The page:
Opinion

Opinion: We all have power within us to do good with our words

I have been an advocate journalist for nearly four decades, which is nothing short of a miracle when you take into account that I was raised on a small cotton farm in Mississippi. Against all odds, as someone who learned of and lived through cruel inhumane indignities and injustices simply because of skin color and gender, I graduated from a highly respected university with a PhD.

My life experiences, during some very turbulent periods in an ever-evolving America,  have profoundly shaped my writings — providing the grist, mission, authority and authenticity required of a true advocate journalist.

From the perch of poverty, farm life, family and the confining community in which I grew up, I found my sense of purpose and determination to try to change things, to make them better. It was there that I gained an initial understanding of the importance and role of ethics and values in fostering a good society, which is the focus of this book that is the first of a three-book series.

As life has had its way, I have loved and lost, given birth and reared children alone as a divorcee, weathered verbal and physical abuse from a husband and fiancé, have had trail-blazing successes as an executive in corporate business and municipal government and recovered from a colossal failure as a small business owner.

All while navigating American life, as a woman, Black and forever fighting against allowing either of those indelible birthmarks to define me, or confine me.

More about the trials and triumphs of my life journey are described in my memoir, From Liberty to Magnolia: In Search of the American Dream (2018).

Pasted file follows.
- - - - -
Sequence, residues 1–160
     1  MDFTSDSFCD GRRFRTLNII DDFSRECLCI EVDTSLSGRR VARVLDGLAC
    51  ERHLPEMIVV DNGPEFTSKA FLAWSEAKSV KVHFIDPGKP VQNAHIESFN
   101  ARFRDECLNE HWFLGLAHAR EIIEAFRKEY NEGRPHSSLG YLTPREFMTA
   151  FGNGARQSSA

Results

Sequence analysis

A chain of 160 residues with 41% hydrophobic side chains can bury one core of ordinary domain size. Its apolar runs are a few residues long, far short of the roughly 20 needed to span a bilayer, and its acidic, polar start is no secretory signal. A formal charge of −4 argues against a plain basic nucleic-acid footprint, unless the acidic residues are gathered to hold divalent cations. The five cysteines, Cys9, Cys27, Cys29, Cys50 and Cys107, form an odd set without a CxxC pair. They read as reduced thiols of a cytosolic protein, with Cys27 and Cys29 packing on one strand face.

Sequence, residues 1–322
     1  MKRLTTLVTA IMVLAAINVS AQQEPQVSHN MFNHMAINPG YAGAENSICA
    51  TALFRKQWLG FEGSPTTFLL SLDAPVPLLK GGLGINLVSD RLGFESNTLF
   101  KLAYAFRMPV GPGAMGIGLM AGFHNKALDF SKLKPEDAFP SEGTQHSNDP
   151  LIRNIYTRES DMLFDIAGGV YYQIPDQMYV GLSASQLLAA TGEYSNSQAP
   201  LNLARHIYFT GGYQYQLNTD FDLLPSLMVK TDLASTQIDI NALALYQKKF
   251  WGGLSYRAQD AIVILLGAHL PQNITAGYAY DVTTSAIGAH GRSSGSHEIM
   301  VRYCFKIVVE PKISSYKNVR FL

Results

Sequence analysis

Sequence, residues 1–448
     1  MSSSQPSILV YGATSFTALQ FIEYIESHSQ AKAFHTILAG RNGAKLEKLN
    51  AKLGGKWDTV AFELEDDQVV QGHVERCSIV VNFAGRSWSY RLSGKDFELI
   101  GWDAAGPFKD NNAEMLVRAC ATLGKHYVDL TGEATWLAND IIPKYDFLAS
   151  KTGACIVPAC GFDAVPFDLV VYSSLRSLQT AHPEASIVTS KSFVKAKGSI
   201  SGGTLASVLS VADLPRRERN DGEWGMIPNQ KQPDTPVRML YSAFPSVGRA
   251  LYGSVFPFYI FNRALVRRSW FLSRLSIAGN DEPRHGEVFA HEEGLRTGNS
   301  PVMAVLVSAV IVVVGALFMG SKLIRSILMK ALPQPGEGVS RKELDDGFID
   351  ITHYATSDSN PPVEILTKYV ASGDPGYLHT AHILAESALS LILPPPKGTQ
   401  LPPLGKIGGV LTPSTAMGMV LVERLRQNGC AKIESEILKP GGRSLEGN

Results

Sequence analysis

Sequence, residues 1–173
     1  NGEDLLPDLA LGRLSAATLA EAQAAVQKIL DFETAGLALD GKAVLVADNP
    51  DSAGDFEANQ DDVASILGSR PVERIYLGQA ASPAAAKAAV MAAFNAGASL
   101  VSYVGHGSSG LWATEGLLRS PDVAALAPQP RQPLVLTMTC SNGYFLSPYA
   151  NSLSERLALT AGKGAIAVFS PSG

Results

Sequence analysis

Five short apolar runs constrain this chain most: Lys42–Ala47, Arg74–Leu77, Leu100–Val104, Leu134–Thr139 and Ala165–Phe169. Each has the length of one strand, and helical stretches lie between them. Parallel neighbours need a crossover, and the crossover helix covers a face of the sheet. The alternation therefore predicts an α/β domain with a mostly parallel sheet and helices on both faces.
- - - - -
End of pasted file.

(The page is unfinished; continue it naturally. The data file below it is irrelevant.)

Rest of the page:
As circumstances, issues, and forces — social, political, economic — occur all around me, push against me, I have chosen to push back. I have consciously entered and continue to enter the fray, using the power of words — the only real and lasting weapon I have.

Being a journalist has not been my formal training nor my profession. Becoming an advocate journalist has been my calling.

Since leaving graduate school and seeking to find my productive place in society, I have always kept pen and paper—now a smartphone or notepad—near to capture an idea, a thought, or a plea, regarding some human condition, some public policy issue, or some social problem.

I have written complete commentaries on cocktail napkins during a return flight from a business trip, after having put my briefcase or computer in the overhead bin. I dared not to have taken the chance to retrieve either and run the risk of losing the idea, the message, a pressing plea, which beckoned to be expressed.

It is my belief that the writings of a true advocate journalist always boil down, directly, or indirectly, intentionally, or unintentionally, to a plea — imploring the reader or listener to think, to consider the facts, the circumstances, the workable solutions for the issues at hand and when appropriate and necessary to engage in action.